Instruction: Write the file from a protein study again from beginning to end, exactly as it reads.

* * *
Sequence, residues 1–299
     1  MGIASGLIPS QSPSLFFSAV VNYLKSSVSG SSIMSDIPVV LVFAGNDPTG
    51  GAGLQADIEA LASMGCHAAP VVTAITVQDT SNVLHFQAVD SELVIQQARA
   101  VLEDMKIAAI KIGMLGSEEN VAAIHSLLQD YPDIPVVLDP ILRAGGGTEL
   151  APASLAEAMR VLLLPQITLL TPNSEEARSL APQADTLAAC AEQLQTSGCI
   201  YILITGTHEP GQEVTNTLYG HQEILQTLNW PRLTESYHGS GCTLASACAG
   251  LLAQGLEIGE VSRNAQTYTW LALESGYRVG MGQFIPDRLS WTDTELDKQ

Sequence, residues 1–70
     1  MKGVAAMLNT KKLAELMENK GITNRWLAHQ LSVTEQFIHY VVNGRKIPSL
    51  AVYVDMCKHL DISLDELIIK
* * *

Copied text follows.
Sequence, residues 1–299
     1  MGIASGLIPS QSPSLFFSAV VNYLKSSVSG SSIMSDIPVV LVFAGNDPTG
    51  GAGLQADIEA LASMGCHAAP VVTAITVQDT SNVLHFQAVD SELVIQQARA
   101  VLEDMKIAAI KIGMLGSEEN VAAIHSLLQD YPDIPVVLDP ILRAGGGTEL
   151  APASLAEAMR VLLLPQITLL TPNSEEARSL APQADTLAAC AEQLQTSGCI
   201  YILITGTHEP GQEVTNTLYG HQEILQTLNW PRLTESYHGS GCTLASACAG
   251  LLAQGLEIGE VSRNAQTYTW LALESGYRVG MGQFIPDRLS WTDTELDKQ

Sequence, residues 1–70
     1  MKGVAAMLNT KKLAELMENK GITNRWLAHQ LSVTEQFIHY VVNGRKIPSL
    51  AVYVDMCKHL DISLDELIIK